Johannesburg - All wildlife interactions, including walking-with-lions and cheetah petting at the Polokwane Ranch Resort has been stopped.
Following an article highlighting the property's involvement in the industry, Protea Hotels by Marriott sales director Danny Bryer said: "Protea Hotels by Marriott together with the resort can confirm that lion walks are no longer being offered to guests and that no guests interact with cheetahs at the conservancy."
Protea Hotels had previously stated that the wildlife interactions would be halted, however research revealed that these activities were being continued via a neighbouring business on the hotel's shared conservancy.
"In view of recent reports around interactions with wildlife at one of our hotels, we have undertaken a full review and audit of our hotels," said Bryer. "We have learned more and have become aware of additional measures we need to take to address this situation. We are currently in the process of ensuring that these are fully implemented and followed at all our hotels."
Thompson's Holidays, the travel agent responsible for sending the newsletter marketing the controversial activities at the resort, also distanced themselves from the hotel by removing the property from their portfolio.
Cullinan Holdings Ltd, parent company of Thompson's Africa and Thompson's Holidays, said the group could not be associated with any exploitative practices. Media manager John Ridler said: "We support sustainable tourism and strict ethical principles."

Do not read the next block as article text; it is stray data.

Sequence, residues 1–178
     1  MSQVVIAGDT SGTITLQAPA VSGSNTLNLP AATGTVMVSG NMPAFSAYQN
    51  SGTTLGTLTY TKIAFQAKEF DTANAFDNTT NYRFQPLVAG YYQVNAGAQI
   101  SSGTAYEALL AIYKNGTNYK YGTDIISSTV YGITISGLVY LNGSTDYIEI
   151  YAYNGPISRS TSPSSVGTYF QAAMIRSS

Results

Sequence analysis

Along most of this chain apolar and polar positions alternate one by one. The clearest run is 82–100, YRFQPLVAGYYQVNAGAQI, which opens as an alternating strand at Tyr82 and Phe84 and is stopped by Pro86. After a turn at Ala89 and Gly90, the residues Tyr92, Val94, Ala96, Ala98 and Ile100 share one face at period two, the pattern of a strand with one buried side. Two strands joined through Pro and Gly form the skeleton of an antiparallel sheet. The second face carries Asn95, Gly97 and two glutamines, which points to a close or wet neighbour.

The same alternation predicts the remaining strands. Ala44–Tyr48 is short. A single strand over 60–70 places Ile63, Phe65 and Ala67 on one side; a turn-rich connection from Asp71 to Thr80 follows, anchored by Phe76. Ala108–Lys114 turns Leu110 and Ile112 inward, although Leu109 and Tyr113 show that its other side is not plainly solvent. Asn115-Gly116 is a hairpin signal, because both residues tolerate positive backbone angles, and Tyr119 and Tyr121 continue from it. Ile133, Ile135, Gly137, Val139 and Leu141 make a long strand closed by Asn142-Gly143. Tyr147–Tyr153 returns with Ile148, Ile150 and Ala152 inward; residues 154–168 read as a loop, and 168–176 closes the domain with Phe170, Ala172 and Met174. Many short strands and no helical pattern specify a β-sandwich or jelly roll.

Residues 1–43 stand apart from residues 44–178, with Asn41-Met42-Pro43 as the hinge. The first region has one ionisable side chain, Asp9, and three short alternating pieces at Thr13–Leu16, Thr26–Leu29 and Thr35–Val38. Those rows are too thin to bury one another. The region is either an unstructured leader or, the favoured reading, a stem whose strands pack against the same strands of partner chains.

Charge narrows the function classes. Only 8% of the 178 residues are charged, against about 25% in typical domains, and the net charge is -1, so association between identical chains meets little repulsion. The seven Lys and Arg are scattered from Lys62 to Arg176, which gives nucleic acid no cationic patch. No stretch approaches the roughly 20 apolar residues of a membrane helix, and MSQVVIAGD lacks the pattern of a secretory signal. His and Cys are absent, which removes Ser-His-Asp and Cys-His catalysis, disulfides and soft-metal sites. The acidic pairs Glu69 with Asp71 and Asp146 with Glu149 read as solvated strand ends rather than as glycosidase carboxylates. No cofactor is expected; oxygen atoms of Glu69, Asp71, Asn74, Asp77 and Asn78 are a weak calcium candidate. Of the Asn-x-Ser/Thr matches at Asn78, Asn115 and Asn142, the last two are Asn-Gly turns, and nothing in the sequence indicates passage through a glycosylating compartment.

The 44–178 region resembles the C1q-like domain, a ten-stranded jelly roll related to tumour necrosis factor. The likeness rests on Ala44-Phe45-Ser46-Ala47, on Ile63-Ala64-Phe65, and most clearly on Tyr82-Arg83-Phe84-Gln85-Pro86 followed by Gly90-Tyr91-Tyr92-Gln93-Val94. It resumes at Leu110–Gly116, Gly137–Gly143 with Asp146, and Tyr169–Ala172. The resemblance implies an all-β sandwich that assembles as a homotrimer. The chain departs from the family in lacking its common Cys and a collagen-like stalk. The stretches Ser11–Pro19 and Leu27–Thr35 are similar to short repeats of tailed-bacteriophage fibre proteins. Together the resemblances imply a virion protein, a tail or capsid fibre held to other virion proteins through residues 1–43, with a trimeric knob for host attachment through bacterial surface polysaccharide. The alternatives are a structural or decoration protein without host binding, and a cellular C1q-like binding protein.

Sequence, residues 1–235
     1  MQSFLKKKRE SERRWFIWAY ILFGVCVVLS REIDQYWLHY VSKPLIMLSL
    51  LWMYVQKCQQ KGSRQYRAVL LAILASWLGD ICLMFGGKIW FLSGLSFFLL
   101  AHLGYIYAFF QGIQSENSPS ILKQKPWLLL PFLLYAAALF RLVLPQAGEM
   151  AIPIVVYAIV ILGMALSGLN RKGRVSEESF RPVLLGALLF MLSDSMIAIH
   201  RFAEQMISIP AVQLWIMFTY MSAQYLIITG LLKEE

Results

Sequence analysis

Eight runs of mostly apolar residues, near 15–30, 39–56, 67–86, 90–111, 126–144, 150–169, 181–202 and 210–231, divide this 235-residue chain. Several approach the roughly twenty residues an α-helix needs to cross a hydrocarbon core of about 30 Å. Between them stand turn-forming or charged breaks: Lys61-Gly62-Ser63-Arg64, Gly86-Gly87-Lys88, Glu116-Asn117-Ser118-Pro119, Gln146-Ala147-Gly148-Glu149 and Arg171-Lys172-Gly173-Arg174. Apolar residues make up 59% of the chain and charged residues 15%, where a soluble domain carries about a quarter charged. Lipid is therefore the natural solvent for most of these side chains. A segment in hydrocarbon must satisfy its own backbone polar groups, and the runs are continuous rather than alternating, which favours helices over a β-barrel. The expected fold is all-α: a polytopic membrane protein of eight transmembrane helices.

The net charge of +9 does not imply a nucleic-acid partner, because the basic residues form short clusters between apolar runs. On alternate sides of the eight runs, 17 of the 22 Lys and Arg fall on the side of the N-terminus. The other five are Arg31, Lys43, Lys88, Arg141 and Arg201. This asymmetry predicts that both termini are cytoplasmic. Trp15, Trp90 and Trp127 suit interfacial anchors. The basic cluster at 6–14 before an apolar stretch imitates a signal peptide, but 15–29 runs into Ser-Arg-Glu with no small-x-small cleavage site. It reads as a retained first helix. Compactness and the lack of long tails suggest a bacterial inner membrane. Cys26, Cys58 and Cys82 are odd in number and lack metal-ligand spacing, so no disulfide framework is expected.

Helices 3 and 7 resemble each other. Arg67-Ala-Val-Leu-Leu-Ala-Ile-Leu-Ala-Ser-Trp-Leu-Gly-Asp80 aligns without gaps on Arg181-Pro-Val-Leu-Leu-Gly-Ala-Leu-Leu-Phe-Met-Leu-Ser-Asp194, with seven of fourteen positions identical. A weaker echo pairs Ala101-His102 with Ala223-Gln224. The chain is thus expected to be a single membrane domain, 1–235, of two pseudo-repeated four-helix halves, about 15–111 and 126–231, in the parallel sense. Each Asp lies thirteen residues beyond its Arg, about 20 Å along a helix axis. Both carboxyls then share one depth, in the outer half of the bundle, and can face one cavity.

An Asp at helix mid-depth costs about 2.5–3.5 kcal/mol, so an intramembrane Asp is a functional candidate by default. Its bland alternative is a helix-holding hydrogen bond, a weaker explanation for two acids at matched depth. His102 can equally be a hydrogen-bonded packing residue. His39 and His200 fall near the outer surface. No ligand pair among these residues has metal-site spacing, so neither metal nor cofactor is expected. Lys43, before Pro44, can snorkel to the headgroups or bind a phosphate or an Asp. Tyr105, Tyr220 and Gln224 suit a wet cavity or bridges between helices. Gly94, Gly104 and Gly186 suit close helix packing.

Picture: Audrey Delsink
Following the group's recommitment, the Blood Lions Campaign reaffirmed Thompsons Africa’s status as an endorsed company for the Born to Live Wild Pledge, saying it holds the highest ethical standards in the industry.
Thompson Holiday also said they will be working with the Blood Lions campaign to educate employees from all sectors, "exposing them to the reality of wildlife interactions". Joanne Adolphe, Thompson Holidays CEO said the group especially wanted to reach out to the younger employees in order to establish a new generation of responsible tourism ambassadors.
Blood Lions said it would donate 200 copies of its award winning feature documentary to Thompson's Holidays employees.
Campaign co-leader Ian Michler, said Thompson's response would hopefully serve as an example to the wider tourism industry.
"There are close links between the wildlife interaction business and the canned predator and lion bone industry where about 200 facilities hold approximately 6 000 to 8 000 lions and other big cats in cages and captivity in South Africa. It's a stain on SA's reputation that's not going unnoticed by responsible travellers.
US traveller and big cat advocate Sheryl Schroeder cancelled a booking at The Ranch after news of their involvement in wildlife interactions.
"I cannot let a dime of my money go to anyone who supports captive-bred wildlife and human interaction for profit." she said.
The Independent on Saturday